League of Gentlemen, Season 3 Episode 4 ” The Medusa Touch”

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Television, 2002

When a serialized work evolves into something distinct from its initial form, it can sometimes be hard not to miss the bits it shed in order to make room for what it became. Is it a creator’s duty to maintain the work’s original aim, or to at least guide its evolution in a way that will mitigate any disappointment on the part of the audience? Certainly not, but it does call into question whether it’s a good idea to keep referring to it by the same name.

This, as you may have guessed is the difficulty I’m having with the third season of League of Gentlemen, a season with big differences from the two that came before it. In my view, so far, there are two departures of note: the absence of a laugh track and the relative mundanity of the characters. The inclusion of a laugh track in the early seasons was something that took getting used to for me. Distracting at first, but once I was able to tune it out it became a part of the ambience, a part that brought out the humor/ horror juxtaposition I previously discussed being central to the show. Without it, we’re no longer watching a network comedy gone delirious, we’re watching something delirious of its own free will, which is much less exciting.

Although it might stand to reason that this would free Gentlemen up to extend the boundaries of its insanity even further, it opts for just the opposite. This season consists of human interest stories- characters fall in love under difficult circumstances, experience career setbacks, and maintain extra-marital affairs. While those elements were always presented in the show, they now dominate it. Royston Vasey is no longer home to the monster children of deranged shopkeepers, menacing circus demons, and malicious psychic twins of seasons past. Where these characters had their roots in nightmare, season there’s characters have their roots in reality.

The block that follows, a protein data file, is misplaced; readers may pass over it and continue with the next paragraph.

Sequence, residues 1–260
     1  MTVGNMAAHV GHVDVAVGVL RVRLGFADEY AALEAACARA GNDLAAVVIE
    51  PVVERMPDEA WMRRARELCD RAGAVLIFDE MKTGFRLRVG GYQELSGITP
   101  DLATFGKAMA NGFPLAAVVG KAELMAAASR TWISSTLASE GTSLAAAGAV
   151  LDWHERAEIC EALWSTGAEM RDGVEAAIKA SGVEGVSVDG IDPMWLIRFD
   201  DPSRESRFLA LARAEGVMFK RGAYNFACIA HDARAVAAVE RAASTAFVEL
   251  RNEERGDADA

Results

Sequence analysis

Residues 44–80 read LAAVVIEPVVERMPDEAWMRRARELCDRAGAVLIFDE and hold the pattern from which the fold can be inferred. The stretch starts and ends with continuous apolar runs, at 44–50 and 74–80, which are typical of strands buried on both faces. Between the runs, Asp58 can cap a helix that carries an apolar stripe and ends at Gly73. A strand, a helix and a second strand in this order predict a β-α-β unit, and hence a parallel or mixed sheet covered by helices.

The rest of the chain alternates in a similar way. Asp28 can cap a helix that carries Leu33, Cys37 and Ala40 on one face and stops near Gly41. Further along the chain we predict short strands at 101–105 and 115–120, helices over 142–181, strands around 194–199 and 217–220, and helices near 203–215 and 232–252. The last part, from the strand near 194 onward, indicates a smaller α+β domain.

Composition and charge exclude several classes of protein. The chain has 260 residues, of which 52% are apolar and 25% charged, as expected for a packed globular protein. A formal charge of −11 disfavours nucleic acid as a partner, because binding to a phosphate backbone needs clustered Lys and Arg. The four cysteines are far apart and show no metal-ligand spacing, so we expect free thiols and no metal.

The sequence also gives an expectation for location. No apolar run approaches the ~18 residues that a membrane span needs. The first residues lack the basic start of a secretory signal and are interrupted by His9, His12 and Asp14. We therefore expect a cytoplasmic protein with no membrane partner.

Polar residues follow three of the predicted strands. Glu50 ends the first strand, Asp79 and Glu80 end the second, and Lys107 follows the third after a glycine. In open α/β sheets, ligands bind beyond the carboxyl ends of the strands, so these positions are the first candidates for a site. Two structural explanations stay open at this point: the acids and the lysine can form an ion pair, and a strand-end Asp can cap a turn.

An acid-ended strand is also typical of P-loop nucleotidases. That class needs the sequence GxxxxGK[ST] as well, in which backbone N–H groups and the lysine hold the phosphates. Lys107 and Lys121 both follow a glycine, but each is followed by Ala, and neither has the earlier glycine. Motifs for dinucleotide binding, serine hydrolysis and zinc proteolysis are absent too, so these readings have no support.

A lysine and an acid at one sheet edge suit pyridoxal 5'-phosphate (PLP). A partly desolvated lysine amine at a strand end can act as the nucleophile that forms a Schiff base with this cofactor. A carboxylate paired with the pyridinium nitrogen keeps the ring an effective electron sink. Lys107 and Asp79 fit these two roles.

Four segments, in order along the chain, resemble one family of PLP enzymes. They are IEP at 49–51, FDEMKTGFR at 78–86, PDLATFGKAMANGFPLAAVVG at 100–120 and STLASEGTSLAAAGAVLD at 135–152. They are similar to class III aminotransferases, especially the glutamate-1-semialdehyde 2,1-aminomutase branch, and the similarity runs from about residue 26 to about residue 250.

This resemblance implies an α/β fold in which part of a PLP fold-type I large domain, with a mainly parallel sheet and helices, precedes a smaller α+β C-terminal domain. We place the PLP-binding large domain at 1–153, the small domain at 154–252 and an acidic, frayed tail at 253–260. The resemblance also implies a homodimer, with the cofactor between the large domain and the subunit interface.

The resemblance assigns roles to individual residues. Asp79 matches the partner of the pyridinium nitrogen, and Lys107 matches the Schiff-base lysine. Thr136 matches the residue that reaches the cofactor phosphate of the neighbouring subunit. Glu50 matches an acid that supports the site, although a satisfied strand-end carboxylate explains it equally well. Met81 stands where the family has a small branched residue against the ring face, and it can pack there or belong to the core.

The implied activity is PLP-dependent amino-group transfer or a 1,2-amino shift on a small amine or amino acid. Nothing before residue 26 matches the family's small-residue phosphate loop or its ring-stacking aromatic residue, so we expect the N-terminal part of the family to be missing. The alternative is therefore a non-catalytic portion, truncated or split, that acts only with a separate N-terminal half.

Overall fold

The thing that compensates for these loses somewhat, and what I imagine what the show’s creators intentionally sacrificed these things in order to achieve, is deeper stories that relate more directly to humanity. And it’s certainly not a failure on that front. But with the depth of its comedy and the heights of its insanity cut off, you’re forced to wonder if it’s really the same show.